With vast amount of content online, it is not surprising that unscrupulous entities “borrow” from the web to provide content for advertisements, link farms, and spam. Our insight is that cryptographic hashing and fingerprinting can efficiently identify content reuse for web-size corpora. We develop two related algorithms, one to automatically discover previously unknown duplicate content in the web, and the second to precisely detect copies of discovered or manually identified content. We show that bad neighborhoods, clusters of pages where copied content is frequent, help identify copying in the web. We verify our algorithm and its choices with controlled experiments over three web datasets: Common Crawl (2009/10), GeoCities (1990s–2000s), and a phishing corpus (2014). We show that our use of cryptographic hashing is much more precise than alternatives such as locality-sensitive hashing, avoiding the thousands of false-positives that would otherwise occur. We apply our approach in three systems: discovering and detecting duplicated content in the web, searching explicitly for copies of Wikipedia in the web, and detecting phishing sites in a web browser. We show that general copying in the web is often benign (for example, templates), but 6–11% are commercial or possibly commercial. Most copies of Wikipedia (86%) are commercialized (link farming or advertisements). For phishing, we focus on PayPal, detecting 59% of PayPal-phish even without taking on intentional cloaking.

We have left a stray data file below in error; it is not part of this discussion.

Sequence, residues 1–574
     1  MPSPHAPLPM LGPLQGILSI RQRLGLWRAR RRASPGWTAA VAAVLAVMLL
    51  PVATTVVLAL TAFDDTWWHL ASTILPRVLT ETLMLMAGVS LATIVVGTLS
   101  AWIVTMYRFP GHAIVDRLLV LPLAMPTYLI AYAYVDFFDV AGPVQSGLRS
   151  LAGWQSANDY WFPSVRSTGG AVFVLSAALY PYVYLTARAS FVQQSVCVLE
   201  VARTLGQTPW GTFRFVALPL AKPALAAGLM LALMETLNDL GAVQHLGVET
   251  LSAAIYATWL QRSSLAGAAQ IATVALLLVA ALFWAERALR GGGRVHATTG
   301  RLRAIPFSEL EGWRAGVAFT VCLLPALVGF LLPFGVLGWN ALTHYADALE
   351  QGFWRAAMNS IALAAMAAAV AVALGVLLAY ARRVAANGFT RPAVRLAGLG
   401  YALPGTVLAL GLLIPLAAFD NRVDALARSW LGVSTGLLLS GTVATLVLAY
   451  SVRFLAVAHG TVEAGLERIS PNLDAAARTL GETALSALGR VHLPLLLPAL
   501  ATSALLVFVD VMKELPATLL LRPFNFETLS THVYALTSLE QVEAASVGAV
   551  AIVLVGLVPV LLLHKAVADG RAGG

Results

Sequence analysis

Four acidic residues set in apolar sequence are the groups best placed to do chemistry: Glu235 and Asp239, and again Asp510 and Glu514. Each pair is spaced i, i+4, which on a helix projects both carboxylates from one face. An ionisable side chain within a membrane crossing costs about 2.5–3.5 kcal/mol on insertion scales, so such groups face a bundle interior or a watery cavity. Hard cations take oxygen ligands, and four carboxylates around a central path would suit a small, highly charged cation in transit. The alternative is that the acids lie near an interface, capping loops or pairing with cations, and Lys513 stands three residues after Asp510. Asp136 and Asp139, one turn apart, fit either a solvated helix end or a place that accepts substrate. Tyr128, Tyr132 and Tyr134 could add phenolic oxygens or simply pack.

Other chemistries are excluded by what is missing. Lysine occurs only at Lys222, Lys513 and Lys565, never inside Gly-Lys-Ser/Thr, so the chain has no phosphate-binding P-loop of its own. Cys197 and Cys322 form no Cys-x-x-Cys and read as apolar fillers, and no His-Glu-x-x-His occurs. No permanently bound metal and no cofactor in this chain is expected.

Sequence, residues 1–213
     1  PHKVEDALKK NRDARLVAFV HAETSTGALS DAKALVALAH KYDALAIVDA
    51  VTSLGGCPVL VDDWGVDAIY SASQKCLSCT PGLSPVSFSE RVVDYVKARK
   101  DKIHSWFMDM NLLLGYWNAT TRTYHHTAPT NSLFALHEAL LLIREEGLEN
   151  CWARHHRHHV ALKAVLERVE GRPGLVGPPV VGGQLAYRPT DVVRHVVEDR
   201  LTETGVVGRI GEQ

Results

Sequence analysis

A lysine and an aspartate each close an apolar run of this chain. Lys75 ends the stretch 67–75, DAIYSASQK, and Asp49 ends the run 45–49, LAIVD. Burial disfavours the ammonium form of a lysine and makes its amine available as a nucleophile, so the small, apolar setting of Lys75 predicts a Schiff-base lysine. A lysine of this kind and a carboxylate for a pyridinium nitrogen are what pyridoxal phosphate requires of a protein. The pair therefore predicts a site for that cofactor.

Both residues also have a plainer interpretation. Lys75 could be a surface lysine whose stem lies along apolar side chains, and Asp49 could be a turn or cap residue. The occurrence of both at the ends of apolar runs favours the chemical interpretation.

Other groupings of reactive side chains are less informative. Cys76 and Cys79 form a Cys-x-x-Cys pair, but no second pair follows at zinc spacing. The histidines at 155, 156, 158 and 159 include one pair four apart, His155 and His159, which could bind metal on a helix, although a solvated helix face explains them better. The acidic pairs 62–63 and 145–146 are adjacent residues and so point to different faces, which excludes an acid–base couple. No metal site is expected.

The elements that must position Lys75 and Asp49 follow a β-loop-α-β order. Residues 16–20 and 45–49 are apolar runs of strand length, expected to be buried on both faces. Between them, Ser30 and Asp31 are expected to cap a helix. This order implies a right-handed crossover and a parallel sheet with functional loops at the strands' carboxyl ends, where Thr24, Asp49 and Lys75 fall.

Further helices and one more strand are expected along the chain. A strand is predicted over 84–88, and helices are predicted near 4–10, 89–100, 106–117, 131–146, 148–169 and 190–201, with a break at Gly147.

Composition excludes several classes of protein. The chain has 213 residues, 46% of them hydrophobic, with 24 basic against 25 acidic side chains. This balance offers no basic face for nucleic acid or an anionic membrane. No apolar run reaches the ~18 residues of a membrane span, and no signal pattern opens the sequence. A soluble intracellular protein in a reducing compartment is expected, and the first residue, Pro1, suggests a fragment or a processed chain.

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On the Complexity of Non-Segregated Routing in Reconfigurable Data Center Architectures

Klaus-Tycho Foerster, Maciej Pacut, Stefan Schmid

Abstract

By enhancing the traditional static network (e.g., based on electric switches) with a dynamic topology (e.g., based on reconfigurable optical switches), emerging reconfigurable data centers introduce unprecedented flexibilities in how networks can be optimized toward the workload they serve. However, such hybrid data centers are currently limited by a restrictive routing policy enforcing artificial segregation: each network flow can only use either the static or the flexible topology, but not a combination of the two.

This paper explores the algorithmic problem of supporting more general routing policies, which are not limited by segregation. While the potential benefits of non-segregated routing have been demonstrated in recent work, the underlying algorithmic complexity is not well-understood. We present a range of novel results on the algorithmic complexity of non-segregated routing. In particular, we show that in certain specific scenarios, optimal data center topologies with non-segregated routing policies can be computed in polynomial-time. In many variants of the problem, however, introducing a more flexible routing comes at a price of complexity: we prove several important variants to be NP-hard.

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On Max-min Fair Allocation for Multi-source Transmission

Geng Li, Yichen Qian, Y. Richard Yang

Abstract